Pumpkin purin with pumpkin madeleines

A plated dessert I have been playing around with since early high school was purin with madeleines. I just have a very specific childhood memory of eating madeleines and purin(think flan, aka baked or set custard with a layer of caramel on it, also called pudding by the Japanese), which we got from Costco and 99 Ranch respectively, and I just loved the combination. Purin is smooth, silky, and creamy, with the vanilla custard being contrasted with the intense and slightly bitter caramel. Madeleines are buttery with a tender crumb, while the exterior is crisp from the sugars and butter caramelizing the the parts of the batter that are directly cooked against the pan. The two together is a simple yet pleasantly delightful combination! For this specific rendition, I went with pumpkin as my flavor of choice. A few years ago, I did a much less successful version of this dessert – this dessert was what that dessert was trying to be. That and in terms of execution, this desserts winds up being MUCH easier to make, as I found ways to simplify some of the more challenging aspects to making purin correctly.

For starters, we are using pumpkin puree instead of cooking down a kabocha squash from scratch. That already saves you about 20 minutes of cooking, blending, and straining the squash. Secondly, the purin, instead of steaming it, which is the typical, but much more challenging way to prepare purin, I went with a more panna cotta-like no-bake version, made from heating up your custard base so that the egg yolks aren’t raw, then using gelatin to set the custards so that they still have that gorgeous wobbly texture you would expect from purin. The caramel, which I used mugicha or barley tea in the first time around, remains relatively unchanged in either version in terms of the ingredient list. However, instead of cooking down the sugar with the tea, which makes gauging the caramelization really difficult, I opted to cook down the sugar on its own as a dry caramel, then once the sugar is golden brown, then add in the dark brown mugicha as way to make sure that the caramel is at the right temperature/bitterness to work with everything!

Instead of doing friands(small spongecake or muffin), I went with madeleines, since those were more directly inspired by my childhood of eating purin with madeleines. If you do not own a madeleine tin, you can totally make friands using the below batter and muffin tins instead, or even just make the friand recipe in the old version instead! The choice is up to you(and whatever equipment you have in your kitchen!). For this recipe, I used pumpkin puree in both the flan and the madeleines, so you can expect a pleasant pumpkin spice flavor to be running across both components in this dessert! I will admit I wish I had pepitas to garnish the madeleines with(I stupidly used them all to make chintextle with), but black sesame or even white sesame seeds, or almonds, work in a pinch as well! They are mostly there to add a toasty and textural note to the top of the madeleines! With this dessert, you get the flavors of the fall, but in two really fun and comforting components that bring a sense of nostalgia and festivity with them!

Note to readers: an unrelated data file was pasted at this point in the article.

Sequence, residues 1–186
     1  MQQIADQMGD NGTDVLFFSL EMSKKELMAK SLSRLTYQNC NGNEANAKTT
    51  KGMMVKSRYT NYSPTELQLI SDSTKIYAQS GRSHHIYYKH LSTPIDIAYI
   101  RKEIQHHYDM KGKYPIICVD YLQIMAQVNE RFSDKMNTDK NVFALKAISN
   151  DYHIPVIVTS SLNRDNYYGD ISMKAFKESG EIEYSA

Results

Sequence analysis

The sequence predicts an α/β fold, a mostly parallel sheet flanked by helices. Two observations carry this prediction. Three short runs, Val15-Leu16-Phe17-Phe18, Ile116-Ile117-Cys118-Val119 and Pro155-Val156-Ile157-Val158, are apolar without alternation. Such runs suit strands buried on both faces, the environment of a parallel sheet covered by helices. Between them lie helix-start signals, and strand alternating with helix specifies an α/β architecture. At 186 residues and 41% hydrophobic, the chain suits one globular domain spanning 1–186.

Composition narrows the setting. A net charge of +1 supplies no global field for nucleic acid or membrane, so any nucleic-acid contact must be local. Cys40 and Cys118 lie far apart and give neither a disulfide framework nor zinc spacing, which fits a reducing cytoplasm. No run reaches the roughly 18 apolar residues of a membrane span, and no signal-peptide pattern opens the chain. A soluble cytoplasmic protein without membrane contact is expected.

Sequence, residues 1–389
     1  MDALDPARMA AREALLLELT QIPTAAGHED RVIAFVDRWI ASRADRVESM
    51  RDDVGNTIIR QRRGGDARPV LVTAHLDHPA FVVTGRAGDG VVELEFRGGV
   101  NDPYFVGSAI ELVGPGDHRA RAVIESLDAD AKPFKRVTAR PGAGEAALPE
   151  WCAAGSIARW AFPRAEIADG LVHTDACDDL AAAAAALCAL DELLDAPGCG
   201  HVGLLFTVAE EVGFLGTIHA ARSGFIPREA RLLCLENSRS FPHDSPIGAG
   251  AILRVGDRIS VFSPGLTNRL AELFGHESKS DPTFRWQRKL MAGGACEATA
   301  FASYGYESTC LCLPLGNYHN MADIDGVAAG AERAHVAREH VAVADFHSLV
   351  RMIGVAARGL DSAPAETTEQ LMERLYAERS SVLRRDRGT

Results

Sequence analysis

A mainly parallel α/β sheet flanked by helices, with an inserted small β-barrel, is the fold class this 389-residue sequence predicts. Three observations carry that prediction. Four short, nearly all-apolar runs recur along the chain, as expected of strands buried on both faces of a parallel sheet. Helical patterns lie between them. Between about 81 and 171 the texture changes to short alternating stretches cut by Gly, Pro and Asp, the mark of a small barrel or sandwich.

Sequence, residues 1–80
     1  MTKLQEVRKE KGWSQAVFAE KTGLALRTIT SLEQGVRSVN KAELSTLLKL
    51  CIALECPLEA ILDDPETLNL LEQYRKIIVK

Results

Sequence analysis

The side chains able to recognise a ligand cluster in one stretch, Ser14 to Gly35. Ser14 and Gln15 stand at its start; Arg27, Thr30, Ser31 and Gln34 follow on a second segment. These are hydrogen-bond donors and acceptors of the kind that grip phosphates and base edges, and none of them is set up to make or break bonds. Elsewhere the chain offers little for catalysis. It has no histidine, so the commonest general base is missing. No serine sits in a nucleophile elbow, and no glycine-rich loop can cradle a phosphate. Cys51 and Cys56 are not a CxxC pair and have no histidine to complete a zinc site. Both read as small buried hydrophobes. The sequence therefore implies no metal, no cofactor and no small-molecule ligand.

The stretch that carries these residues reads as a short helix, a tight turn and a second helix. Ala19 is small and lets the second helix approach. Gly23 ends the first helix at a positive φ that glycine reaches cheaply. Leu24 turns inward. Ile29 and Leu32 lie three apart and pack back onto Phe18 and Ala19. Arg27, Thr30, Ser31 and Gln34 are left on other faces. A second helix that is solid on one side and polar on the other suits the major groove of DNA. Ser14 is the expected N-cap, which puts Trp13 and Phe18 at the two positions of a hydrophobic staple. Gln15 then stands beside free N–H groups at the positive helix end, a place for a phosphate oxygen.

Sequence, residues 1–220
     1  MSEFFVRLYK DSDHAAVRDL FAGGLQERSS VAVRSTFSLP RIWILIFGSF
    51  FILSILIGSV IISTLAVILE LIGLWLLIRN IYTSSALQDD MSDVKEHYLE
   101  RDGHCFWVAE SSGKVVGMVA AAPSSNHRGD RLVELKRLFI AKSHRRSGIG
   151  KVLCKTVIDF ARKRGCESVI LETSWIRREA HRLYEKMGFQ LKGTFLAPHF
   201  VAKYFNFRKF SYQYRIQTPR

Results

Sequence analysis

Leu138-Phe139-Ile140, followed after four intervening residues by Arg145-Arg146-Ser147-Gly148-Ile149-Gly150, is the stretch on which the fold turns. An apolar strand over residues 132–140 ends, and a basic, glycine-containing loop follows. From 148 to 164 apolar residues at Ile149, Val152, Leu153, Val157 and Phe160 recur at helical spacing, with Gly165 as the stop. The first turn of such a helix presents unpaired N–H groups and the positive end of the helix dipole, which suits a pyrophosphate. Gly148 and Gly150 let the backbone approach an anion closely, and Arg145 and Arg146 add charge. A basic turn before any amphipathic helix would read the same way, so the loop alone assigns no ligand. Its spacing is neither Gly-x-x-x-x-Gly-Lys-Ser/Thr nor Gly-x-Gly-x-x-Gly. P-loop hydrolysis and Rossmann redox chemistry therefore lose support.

Makes about 18 madeleines:
2 egg whites + 1 whole egg
1 tsp baking powder
3/4 cups pumpkin purée
1/2 cup granulated sugar
A pinch of salt
A pinch of cinnamon
1/2 tsp vanilla
1 cup flour
4 tbsp butter, browned and kept melted, with more for lining
Pepitas or black sesame seeds

In a bowl, whisk together the eggs with baking powder, pumpkin puree, sugar, salt, cinnamon, and vanilla. Then sift into that the flour and fold together everything with brown butter to form your batter. Transfer to a piping bag. Brush a madeleine pan with melted butter. Pipe the batter into each divot, about 2/3 full. Sprinkle on top of each pepitas or black sesame seeds. Rest the batter for at least 1 hour in the refrigerator – this will allow the madeleines to form a hump while baking. Then bake at 375 degrees F for 10 minutes. Allow the madeleines to cool down before attempting to unmold and store in an airtight container.

For the pumpkin purin:
2 tsp gelatin powder + 1 tbsp water
1/2 cup milk
A pinch of salt
1/2 cup pumpkin purée
2 egg yolks
1/2 cup granulated sugar, in two parts
1 tsp vanilla extract
1/3 cup barley tea

In a pot, heat up the gelatin, milk, and salt until the gelatin is fully dissolved into the milk. In another bowl, whisk together the pumpkin puree with egg yolks and sugar. Pour half the milk mixture into the pumpkin mixture, just to bring up the temperature of the pumpkin, then pour that back into the milk. Whisk everything in the pot on low heat for 2-3 minutes, just to fully combine everything and loosen the texture of the pumpkin. Add in the vanilla. Pass the mixture through a sieve to remove any lumps. Divide the mixture into 4 small cups or containers and freeze for at least 2 hours.

In a pot, heat up the rest of the sugar with another pinch of salt until it begins to turn amber gold. Add in the barley tea and stir together on low heat until the sugar is fully dissolved. Pour the caramel over the still-frozen pumpkin purins, rotating the containers to spread the caramel as an even layer over the purins. Allow the caramel to cool down before serving the purins.

To finish:
1/4 cup heavy cream
1 tsp vanilla extract
a pinch of cinnamon
a pinch of salt
1/2 tsp confectioner’s sugar

Whip everything to stiff peaks. Pipe a dollop of the cream over the pumpkin flan prior to serving.

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